Ithaca! Ithaca! Hmm…doesn’t have quite the same ring (or connotation) as Attica! Attica! did in Dog Day Afternoon, but we may soon b. hearing chants of Ithaca! Ithaca! from shotgun aficionados across the country because Ithaca (the gun manufacturer) has risen from the ashes to once again produce the Model 37 Defense, the storied shotgun of police and military fame.
In pickups, you got your Chevy, your Ford, and your Dodge fanboys. In shotguns, it’s the Remmington Wingmaster 870. the Mossberg 930 Special Purpose, and the venerable Ithaca Model 37 If you believe the old timers, neither the Wingmaster nor the Mossberg can hold a candle to the reliability and durability of the Ithaca M37 Defense Shotgun.
Ithaca is a company that’s been through the ringer over the last couple of decades. The good news, though is that the New Ithaca has been reborn with owners seemingly focused on quality, reliability, and American-manufacturing. I’ve not yet gotten to shoot an Ithaca, but given my recent experiences with the newly-discovered end-of-useful-life state of my Wingmaster 870, I’m seriously looking about for a replacement, and the Ithaca has jumped to the top of my “gotta check this out” list.
What’s unique about the Ithaca: it’s pump action features a radically different design than either the Wingmaster or the Mossberg. The spent shells eject from the bottom of the gun (in the same port where you load them). Forget the advantages for lefties (I’m ambidextrous and regularly practice with both hands, just for fun), the advantages of not having anything flying across half your field of vision should be huge.
Then too is the storied reliability of the Ithaca. Having just been through some less-than-wonderful experiences with my worn-out Wingmaster, reliability is a really appealing thing to ponder right now. Couple that with the facts Ithaca makes every part, down to the last screw in the good ol’ U.S. of A. and that they’ve released a couple of models tuned to the needs of the self-defense user, and I’m eager to have a look-see.
You see, while virtually any shotgun can be pressed into service as a better-than-most option for home defense, not all shotguns are created equal. On the wishlist of anybody contemplating an ideal shotgun for home use would be a barrel optimized for either slugs or buckshot, a shorter barrel for maneuverability, a longer magazine for extra, chambered rounds, and a “don’t need to worry about it” philosophy when it comes to reliability.
Word on the street is that Ithaca has all that in spades. They offer the Model 37 in a home defense/police/military configuration with a barrel with no-choke/no rifling (ideal for slugs/buckshot) a 5-shot or 9-shot magazine, and polymer or walnut stock/foregrip combos. Nice. And from what I see, the pricing doesn’t look out of whack with what I’d expect to pay for the competition.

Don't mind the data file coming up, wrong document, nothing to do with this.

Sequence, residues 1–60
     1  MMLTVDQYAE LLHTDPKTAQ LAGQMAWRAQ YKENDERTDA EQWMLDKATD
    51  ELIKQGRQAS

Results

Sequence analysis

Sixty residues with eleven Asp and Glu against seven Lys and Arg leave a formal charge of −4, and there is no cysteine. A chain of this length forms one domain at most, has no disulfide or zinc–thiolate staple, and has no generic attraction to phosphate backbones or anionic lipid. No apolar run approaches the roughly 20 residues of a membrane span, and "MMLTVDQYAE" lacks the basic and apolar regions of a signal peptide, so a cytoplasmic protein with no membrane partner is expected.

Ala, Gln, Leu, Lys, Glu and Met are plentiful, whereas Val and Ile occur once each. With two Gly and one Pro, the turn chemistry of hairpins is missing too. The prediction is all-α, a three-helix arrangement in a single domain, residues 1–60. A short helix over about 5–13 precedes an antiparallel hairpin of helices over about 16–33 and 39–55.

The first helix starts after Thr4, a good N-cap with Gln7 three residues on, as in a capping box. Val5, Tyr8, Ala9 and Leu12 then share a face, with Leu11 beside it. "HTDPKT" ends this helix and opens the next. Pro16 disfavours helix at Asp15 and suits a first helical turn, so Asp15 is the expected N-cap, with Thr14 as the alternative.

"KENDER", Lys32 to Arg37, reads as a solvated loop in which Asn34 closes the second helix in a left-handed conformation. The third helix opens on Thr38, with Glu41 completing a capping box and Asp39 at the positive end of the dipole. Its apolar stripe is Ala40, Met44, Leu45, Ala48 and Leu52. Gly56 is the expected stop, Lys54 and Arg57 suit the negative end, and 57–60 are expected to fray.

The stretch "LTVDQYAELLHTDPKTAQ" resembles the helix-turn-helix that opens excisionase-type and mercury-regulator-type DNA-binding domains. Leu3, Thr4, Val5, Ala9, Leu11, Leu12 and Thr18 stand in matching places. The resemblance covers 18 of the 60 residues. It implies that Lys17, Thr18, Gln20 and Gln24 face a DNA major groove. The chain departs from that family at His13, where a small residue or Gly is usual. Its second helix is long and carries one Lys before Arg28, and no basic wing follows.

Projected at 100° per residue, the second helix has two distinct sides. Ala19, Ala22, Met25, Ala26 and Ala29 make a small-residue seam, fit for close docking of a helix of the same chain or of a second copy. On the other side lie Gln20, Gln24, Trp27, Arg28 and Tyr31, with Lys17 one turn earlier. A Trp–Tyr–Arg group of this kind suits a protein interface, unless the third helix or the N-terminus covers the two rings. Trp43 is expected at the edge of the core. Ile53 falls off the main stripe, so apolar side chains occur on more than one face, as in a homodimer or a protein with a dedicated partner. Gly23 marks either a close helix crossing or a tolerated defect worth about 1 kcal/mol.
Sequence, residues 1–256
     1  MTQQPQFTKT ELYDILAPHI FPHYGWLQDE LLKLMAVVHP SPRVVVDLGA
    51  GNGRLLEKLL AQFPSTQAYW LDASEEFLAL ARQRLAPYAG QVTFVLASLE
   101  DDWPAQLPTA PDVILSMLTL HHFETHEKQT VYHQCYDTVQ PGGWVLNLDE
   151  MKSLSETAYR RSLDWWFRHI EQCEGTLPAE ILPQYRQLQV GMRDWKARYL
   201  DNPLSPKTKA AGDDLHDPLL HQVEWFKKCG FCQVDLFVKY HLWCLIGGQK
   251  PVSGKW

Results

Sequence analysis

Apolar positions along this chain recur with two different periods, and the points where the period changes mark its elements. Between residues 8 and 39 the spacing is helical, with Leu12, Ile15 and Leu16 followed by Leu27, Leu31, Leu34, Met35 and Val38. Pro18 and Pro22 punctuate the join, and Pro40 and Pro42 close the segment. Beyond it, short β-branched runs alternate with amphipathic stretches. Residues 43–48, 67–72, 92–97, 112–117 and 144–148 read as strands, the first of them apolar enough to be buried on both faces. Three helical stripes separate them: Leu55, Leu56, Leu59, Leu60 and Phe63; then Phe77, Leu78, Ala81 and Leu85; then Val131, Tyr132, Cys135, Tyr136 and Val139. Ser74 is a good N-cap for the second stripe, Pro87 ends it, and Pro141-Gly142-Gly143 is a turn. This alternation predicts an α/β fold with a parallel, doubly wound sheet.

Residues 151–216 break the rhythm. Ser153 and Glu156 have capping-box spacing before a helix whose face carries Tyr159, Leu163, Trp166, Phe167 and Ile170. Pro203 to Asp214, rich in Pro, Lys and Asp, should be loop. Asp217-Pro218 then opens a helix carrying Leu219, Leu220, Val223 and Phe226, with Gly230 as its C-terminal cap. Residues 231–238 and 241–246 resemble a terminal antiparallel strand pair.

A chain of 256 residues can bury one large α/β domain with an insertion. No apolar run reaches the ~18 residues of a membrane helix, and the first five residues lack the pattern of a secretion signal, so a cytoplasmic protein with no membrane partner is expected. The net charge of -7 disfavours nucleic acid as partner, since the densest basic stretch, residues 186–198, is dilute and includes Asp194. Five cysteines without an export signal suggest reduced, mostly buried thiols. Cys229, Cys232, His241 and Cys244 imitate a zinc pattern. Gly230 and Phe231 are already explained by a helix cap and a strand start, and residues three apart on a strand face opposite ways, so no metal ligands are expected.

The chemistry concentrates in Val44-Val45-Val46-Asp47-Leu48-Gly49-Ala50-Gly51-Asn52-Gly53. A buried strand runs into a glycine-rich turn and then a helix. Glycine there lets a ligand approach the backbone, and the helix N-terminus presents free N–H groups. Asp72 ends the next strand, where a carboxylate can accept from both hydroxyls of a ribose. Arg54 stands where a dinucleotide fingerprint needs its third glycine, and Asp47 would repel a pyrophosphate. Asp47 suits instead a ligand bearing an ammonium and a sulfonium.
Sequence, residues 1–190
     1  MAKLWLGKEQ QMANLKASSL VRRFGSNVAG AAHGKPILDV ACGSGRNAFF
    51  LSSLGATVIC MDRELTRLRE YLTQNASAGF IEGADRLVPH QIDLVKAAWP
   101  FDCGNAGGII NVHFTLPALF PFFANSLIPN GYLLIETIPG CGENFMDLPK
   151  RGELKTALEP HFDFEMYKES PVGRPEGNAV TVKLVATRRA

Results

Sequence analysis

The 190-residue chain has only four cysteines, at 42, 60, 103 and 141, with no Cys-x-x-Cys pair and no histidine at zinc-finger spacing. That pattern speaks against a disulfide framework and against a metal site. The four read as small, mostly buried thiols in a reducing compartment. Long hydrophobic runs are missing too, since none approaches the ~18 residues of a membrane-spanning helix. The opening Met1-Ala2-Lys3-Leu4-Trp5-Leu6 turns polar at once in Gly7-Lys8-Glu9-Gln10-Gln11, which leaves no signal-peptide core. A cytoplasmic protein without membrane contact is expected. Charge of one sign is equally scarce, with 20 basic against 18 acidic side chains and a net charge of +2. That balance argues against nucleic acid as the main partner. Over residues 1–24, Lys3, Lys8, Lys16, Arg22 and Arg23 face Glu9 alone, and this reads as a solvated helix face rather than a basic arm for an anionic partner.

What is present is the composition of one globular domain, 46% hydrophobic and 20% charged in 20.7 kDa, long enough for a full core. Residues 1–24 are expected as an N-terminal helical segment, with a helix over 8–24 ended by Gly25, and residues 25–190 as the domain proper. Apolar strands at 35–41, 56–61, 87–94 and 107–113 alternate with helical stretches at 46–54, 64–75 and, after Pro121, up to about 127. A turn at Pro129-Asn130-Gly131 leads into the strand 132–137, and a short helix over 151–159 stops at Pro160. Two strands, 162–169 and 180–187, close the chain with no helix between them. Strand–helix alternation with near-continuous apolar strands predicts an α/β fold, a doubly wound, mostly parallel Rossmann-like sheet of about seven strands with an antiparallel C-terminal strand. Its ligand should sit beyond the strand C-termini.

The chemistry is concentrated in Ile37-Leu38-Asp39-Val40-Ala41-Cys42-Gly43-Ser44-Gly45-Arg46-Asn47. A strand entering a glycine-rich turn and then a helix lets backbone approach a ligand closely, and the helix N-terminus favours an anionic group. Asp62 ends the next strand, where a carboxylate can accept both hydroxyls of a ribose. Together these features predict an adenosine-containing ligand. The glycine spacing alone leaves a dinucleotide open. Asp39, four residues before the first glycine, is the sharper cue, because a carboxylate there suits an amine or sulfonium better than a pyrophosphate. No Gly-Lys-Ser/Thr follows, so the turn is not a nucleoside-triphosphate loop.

In an age where every other thing I buy seems to come with a “Made in CHINA” stamp by default, it’s kind of refreshing to find a manufacturer not outsourcing any part of their product abroad. I’m eager to get my hands on one of these, and as soon as I do, I’ll be reviewing the gun, right alongside an 870, to see if the scuttlebutt has it right.
The venerable historic Ithaca Model 37 is a classic American pump shotgun in
league with both Winchester’s “hammer” Model 1897 (1897-1957), and Model
12 “hammerless”, and of course the Remington Model 870 Wingmaster. These
along with the Mossberg Model 500 were perhaps the top five pump shotguns
ever manufactured in America. Remember the Ithaca Model 37 was used for
decades by both the LAPD and L.A. County Sheriff’s Dept. Also by the NYPD
and numerous law enforcement agencies and the military. I’m glad a classic
has been reborn. Note: Like the Winchester Model 97 the Ithaca Model 37
is a John M. Browning design. The latter is simply a revamped Remington
Model 17. Lou Smith of Ithaca Gun Co. bought up the Remington 17 patent
and re-designated in the Model 37 in 1937.
I have a pre 1960 37 that I wouldn’t trade for anything. I’ve took a fair share of pheasants with it and it stands ready with #1 buckshot for home defense. Now if they will make a Mag10 roadblocker.
I too am something of an M37 fanboy, though I choose an 870 over it with some reluctance due to the difficulty of removing the M37’s bolt, which must come out the rear of the receiver with the buttstock removed.
I’ve been hearing rumors of Ithaca’s return to the marketplace for years.
Something I notice immediately is that they have altered the cap at the front of the magazine tube and it no longer attaches to the barrel with that wedge-shaped steel bit. Has anyone examined one? Particularly, on the 4+1 models, the mag tube does not appear to be attached to the barrel at all, and on the 8+1 models, the tube is attached but the parts appear to be different. I am curious about whether there are other differences also.
Add me as a M37 “fanboi”.
Grew up with a 97 Winchester, got spoiled by shuck-fire.
Now own a M37 DSPS 22″ 8 shot, and it’s Parkerized .. and that was as-built.
I scored that in a pawn-shop for $150 (!) back in ’90 when Desert Shield had everyone in the military was scrambling in case the sh*t hit the fan in the Sandbox. (there was no way I’d trust an M16 alone for what my mission might have been)
It’s funny how all that “spaghetti western” stuff came back. I can still shuck-fire a full tube *from the hip*…. at a rolling 5 gallon can and bounce it on each shot at 100 feet.
it makes me dang mad when people talk about gun companies and dont include ithaca gun company in their talk or article or what have you they talk about good old american guns & companies they had better include ithaca. 1953 is when it started for my family model 37 feather light 16 ga and it.s still going strong and now along with 14 more of 37,s i guess u could say i luv ithaca p.s.1 vintage 1911#43 to
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